And so it goes, and so it goes. And the book says, "We may be through with the past, but the past ain't through with us."When I watched Magnolia, I thought the narrator was referring to a book by William Faulkner, and that perhaps the narrator or writer had the quote incorrect.
I watched Magnolia in 2001 or thereabouts after it came out on video, shortly after making reading Faulkner a priority. I had read the usual "Barn Burning" and "A Rose for Emily" in high school or college. In graduate school, one professor assigned Sanctuary (1931), and an assigned text in a literary criticism class demanded familiarity with Absalom, Absalom! (1936). Moreover, Calvin Martin's The American Indian and the Problem of History (1987) drove me into "The Bear," and from there into Go Down, Moses (1942). For the most part, however, I remained egregiously ignorant of Faulkner. I passed up a seminar called Southern Literature because I was appalled that two-thirds of the texts were by one author.
In 2000 I selected Go Down, Moses as one of the texts I would teach in my introductory literature class (yep, I'm nuts), and decided it was time to begin washing away my ignorance of twentieth-century America's greatest writer.
Despite my ignorance, I have been familiar for many years with the sentiment that the past has its own ideas about when we can leave it behind, and that this idea could be attributed as a line from Faulkner. Requiem for Nun (1951) remains on my "to read" list, rather than among the dozen or so texts that I've perused. Even so, for many years I have quoted, and misquoted, and have heard others quote and misquote the line: "The past is never dead. It's not even past."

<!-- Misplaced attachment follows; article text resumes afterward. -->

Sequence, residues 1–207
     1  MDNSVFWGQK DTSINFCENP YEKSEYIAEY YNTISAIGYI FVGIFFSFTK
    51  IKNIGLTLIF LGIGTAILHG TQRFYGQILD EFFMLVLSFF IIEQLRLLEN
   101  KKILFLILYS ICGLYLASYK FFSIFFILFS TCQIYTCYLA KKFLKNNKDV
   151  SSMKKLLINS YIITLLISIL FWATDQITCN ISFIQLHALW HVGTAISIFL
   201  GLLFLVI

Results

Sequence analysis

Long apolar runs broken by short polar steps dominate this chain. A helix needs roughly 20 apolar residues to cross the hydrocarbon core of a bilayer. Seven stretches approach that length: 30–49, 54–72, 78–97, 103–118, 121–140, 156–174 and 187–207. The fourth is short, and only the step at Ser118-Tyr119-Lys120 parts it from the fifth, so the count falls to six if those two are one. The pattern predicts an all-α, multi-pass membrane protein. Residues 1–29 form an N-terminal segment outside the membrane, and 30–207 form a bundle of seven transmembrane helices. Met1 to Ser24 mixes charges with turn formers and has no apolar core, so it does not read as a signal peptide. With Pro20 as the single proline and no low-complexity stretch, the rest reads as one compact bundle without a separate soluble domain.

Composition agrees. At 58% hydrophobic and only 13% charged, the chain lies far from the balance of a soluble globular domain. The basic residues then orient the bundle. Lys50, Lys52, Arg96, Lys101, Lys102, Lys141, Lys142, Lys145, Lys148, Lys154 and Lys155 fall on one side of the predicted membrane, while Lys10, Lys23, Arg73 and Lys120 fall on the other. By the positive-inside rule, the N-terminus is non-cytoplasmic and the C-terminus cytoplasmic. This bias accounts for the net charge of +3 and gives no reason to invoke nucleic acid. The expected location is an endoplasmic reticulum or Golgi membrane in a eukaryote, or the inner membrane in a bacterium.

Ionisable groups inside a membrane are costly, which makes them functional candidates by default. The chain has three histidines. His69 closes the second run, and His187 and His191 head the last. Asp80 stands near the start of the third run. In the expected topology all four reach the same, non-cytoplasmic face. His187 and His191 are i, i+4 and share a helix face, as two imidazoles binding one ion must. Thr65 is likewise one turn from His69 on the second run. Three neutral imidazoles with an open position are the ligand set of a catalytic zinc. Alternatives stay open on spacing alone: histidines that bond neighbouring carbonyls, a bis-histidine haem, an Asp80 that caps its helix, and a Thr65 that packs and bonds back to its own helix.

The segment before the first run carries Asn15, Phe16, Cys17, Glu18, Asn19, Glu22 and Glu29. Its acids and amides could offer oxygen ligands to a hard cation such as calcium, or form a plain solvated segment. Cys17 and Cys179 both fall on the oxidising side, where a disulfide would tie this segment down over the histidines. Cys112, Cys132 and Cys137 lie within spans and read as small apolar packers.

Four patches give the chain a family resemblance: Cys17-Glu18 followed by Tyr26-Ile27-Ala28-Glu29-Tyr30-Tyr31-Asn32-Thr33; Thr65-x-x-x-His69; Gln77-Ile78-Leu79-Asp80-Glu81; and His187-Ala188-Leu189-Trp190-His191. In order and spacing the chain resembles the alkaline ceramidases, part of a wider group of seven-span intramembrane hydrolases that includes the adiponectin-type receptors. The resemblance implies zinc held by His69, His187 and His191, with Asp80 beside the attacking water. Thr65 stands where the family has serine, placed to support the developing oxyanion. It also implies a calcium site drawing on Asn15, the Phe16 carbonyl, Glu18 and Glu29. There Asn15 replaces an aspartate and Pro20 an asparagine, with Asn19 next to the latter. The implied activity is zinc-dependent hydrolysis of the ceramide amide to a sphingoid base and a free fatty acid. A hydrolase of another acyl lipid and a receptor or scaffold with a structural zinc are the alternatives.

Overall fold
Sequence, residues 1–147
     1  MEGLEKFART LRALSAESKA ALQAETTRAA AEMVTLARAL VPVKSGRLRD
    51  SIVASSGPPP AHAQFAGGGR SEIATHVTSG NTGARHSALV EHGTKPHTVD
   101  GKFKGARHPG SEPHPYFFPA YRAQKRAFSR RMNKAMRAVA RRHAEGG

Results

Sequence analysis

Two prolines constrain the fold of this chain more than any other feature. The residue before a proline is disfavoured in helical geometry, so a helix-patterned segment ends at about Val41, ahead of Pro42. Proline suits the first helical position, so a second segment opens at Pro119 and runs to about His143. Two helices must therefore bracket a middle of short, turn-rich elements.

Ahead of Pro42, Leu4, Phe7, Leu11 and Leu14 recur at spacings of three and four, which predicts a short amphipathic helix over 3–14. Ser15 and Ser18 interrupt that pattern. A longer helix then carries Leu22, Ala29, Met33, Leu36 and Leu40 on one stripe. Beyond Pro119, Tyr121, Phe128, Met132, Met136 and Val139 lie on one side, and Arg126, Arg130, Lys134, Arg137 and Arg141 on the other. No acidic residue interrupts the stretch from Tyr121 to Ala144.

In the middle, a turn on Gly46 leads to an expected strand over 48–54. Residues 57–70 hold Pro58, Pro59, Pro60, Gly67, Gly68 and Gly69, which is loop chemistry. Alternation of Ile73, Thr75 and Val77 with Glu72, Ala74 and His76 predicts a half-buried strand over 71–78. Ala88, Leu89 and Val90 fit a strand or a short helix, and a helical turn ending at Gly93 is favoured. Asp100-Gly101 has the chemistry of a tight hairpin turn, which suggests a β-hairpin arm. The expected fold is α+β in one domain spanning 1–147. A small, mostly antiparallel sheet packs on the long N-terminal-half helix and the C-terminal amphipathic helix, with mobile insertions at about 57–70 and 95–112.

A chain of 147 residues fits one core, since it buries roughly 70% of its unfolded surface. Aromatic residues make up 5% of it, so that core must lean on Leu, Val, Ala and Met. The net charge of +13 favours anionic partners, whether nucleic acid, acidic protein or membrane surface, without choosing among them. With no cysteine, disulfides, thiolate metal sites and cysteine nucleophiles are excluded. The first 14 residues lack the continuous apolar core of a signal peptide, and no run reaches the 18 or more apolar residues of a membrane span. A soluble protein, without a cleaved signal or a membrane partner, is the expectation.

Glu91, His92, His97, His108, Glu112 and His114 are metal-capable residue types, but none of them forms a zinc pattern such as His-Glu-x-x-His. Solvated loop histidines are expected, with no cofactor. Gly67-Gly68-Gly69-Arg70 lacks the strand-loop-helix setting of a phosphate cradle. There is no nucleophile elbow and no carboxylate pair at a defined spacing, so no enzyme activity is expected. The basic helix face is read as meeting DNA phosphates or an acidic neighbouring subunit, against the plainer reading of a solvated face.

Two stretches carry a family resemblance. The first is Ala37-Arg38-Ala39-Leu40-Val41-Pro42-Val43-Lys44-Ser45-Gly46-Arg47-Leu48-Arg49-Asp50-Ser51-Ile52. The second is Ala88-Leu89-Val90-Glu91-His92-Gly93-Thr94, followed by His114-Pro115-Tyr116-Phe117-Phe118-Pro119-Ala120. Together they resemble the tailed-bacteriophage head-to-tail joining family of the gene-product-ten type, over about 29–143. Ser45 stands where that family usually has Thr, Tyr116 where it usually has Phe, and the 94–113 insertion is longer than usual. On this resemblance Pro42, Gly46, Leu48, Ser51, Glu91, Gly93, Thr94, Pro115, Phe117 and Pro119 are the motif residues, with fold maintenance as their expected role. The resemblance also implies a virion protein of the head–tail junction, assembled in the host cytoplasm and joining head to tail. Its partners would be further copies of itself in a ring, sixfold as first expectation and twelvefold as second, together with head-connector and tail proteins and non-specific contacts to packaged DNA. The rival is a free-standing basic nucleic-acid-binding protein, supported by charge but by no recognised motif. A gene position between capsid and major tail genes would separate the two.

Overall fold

Google knows everything
A few days ago, on my Facebook page, I placed the line from Magnolia next to Faulkner's, which had been in the "about me" box for awhile. Last night, I posted the movie line as "my status". This morning I discovered how my status update failed as communication when a friend mistook it as a statement of my psychological journey, rather than what I intended: a fishing expedition to locate Paul Thomas Anderson's source. Anderson wrote and directed Magnolia.
Searching for the quote, "We may be through with the past," via Google produces pages and pages of references to Magnolia. Often I stop there. If the fish won't rise to the surface, I can do something else. Indeed I stopped fishing several times, before returning anew. After wading through perhaps five pages, I found The Internet Movie Database's Magnolia trivia. The note references The Natural History of Nonsense (1946) by Bergan Evans as the source of the line. Evans' book also is the source for the idea that it could rain frogs.
My belief that it was an instance of Faulkner misquoted proved incorrect. The Natural History of Nonsense precedes Requiem for a Nun. Perhaps Evans' book is Faulkner's source for Gavin Stevens' memorable line?
The first chapter, "Adam's Navel," begins:
We may be through with the past, but the past is not through with us. Ideas of the Stone Age exist side by side with the latest scientific thought. Only a fraction of mankind has emerged from the Dark Ages, and in the most lucid brains, as Logan Pearsall Smith has said, we come upon "nests of woolly caterpillars." Seemingly sane men entrust their wealth to stargazers and their health to witch doctors.Before this chapter begins, the text offers several quotable epigrams in the front-matter. The Preface, for instance:
Evans, The Natural History of Nonsense, 5
This book is a contribution to the natural history of nonsense. It is a study in the paleontology of delusion. It is an antibody for all who are allergic to Stardust. It is a manual of chiropody for feet of clay.
Evans, The Natural History of Nonsense, vii